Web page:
Ephrin B2 Identified as Potential Therapeutic Target to Inhibit Multiple Myeloma Growth
Researchers have discovered that the ephrin B2 protein may drive the growth and development of multiple myeloma and uncovered that blocking part of the protein’s unique signaling pathway may inhibit progression of the disease, according to a recent study published by Sasine et al in Cancer Research. The findings may point to an effective new therapeutic target in patients with multiple myeloma.
Multiple myeloma cells—which develop inside the bone marrow—cannot survive outside of the patient. The cells rely on signals from the patient’s healthy cells to grow.
Although there are numerous treatments for multiple myeloma that may be partially effective, there is currently no cure for the disease.
“Multiple myeloma is incurable, and fundamental biological insights remain lacking in this disease,” explained senior study author John Chute, MD, Director of the Division of Hematology and Cellular Therapy at Cedars-Sinai Cancer.
Ephrin B2 is a member of the ephrin family of proteins expressed on multiple myeloma cancer cells.
Study Methods and Results
In the recent study, the researchers cultured human multiple myeloma cancer cells along with different types of blood vessel cells. They then compared the genes expressed by the blood vessel cells that did and did not spur the growth of cancer. Through a process of elimination, they were able to identify that ephrin B2 may play a role in multiple myeloma pathogenesis.
The researchers found that endothelial cells expressed unique receptors called Eph receptors—which bound with ephrin proteins expressed by multiple myeloma cancer cells to trigger cancer cell growth. Notably, the “forward signal” from the multiple myeloma cells expressing ephrin to the endothelial cells expressing Eph receptors did not significantly affect cancer growth; however, the “reverse signal” from the endothelial cells to the multiple myeloma cell was found to drive cancer growth.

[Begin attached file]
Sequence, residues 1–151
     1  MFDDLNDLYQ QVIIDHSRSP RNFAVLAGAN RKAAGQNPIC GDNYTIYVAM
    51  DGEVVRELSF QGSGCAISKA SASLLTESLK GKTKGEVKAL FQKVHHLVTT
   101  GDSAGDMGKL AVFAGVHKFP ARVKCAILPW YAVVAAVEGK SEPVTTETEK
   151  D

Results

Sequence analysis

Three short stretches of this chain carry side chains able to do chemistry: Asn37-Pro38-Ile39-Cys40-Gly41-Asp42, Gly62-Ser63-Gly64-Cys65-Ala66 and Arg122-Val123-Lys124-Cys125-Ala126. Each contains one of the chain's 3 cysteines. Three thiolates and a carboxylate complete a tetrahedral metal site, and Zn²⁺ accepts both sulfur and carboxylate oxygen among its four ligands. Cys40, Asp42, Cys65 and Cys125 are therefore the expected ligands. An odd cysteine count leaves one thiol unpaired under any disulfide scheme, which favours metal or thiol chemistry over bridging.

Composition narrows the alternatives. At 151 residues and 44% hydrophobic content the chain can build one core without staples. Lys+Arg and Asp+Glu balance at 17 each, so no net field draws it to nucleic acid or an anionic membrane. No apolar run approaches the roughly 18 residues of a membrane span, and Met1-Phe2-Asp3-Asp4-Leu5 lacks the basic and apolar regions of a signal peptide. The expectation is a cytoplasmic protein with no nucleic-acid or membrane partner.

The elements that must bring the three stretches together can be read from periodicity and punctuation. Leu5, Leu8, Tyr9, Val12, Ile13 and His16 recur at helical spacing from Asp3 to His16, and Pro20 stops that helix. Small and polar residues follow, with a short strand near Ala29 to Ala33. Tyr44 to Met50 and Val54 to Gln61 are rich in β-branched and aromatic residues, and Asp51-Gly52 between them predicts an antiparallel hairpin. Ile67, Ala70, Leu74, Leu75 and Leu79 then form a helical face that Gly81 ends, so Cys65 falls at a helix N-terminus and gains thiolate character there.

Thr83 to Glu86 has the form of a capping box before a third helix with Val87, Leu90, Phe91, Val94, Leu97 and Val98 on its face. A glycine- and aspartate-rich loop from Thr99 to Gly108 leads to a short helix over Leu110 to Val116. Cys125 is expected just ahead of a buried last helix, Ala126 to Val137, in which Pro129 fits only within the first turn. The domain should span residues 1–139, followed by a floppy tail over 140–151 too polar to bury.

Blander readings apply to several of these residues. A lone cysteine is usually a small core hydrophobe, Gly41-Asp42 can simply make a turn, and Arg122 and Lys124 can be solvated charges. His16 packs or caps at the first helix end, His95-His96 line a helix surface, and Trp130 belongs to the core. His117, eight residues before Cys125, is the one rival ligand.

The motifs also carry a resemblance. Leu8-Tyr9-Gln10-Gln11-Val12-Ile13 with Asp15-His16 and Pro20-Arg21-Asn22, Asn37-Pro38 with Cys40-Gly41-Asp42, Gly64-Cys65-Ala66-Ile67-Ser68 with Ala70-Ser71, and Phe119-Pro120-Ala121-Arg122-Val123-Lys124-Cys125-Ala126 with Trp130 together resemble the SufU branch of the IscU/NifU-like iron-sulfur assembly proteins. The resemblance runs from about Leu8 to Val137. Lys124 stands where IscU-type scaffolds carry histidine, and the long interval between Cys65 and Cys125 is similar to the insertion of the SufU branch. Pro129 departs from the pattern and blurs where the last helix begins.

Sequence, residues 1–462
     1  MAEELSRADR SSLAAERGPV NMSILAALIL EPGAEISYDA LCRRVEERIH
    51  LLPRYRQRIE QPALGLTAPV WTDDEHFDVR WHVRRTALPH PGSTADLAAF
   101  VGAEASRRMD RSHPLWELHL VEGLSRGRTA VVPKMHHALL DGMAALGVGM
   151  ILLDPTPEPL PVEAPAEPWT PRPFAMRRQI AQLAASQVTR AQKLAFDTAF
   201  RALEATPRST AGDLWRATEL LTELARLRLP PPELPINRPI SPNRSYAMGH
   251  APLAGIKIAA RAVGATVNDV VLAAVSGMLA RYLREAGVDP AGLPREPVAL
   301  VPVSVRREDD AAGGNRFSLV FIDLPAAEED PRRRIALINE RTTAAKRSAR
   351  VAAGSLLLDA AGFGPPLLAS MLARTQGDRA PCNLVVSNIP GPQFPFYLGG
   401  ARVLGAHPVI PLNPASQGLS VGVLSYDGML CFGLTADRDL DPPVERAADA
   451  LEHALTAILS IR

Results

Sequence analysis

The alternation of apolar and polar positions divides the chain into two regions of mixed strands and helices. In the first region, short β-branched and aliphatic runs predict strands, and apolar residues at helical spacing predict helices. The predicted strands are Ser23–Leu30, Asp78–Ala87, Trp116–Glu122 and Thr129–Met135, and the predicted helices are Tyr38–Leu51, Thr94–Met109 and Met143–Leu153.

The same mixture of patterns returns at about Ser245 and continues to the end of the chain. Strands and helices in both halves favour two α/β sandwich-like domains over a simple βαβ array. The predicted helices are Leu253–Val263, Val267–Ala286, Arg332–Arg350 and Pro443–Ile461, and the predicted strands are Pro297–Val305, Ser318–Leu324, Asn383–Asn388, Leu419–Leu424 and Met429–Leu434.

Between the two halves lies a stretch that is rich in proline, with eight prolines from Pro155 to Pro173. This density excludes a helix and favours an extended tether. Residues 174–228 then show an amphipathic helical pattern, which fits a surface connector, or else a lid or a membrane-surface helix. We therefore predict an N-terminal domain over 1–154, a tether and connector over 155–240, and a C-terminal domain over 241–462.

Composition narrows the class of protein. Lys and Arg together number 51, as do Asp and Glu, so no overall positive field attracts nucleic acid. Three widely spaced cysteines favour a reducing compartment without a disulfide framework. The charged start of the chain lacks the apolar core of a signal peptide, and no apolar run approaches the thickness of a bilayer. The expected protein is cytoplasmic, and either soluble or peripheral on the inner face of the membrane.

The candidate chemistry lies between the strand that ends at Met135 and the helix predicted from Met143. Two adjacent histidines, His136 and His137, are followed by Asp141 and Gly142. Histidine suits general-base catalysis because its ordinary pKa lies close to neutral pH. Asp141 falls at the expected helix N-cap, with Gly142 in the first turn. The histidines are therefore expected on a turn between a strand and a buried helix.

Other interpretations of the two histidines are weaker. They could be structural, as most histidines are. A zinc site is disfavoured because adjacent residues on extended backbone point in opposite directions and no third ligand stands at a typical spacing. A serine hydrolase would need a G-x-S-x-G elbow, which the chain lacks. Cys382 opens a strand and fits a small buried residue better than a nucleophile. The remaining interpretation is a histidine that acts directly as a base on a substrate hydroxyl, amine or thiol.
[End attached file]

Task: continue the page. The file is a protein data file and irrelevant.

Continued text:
“We showed that if we block the reverse signal of ephrin B2, … the [multiple] myeloma cells could not grow in vitro or in vivo in laboratory mice, a striking effect,” highlighted lead study author Joshua Sasine, MD, PhD, Assistant Professor of Medicine and a hematologist-oncologist at Cedars-Sinai.
Corresponding clinical data suggested that ephrin B2 expression may correlate with poor outcomes in patients with multiple myeloma. Given the substantial progress that has been made in the development of therapeutics to target these proteins, the ephrin B2 reverse signaling pathway may represent a novel therapeutic target for this intractable malignancy.
“This is the first study to identify this pathway in multiple myeloma, and the effect of inhibiting ephrin B2 on inhibiting [multiple] myeloma cancer growth, suggesting a great therapeutic target for treating patients,” Dr. Sasine indicated.
“Our evidence suggests the importance of the reverse signaling pathway of ephrin B2 in regulating multiple myeloma development and progression, and that inhibiting this signal in a targeted way abolishes multiple myeloma growth,” Dr. Chute underscored.
Based on the recent findings, the researchers are currently developing novel therapies to target the ephrin B2 protein in patients with multiple myeloma.
Disclosure: The research in this study was supported by grants from the National Institutes of Health, a Tower Cancer Research Foundation Career Development Award, and the ASCO Young Investigator Award. For full disclosures of the study authors, visit aacrjournals.org.The content in this post has not been reviewed by the American Society of Clinical Oncology, Inc. (ASCO®) and does not necessarily reflect the ideas and opinions of ASCO®.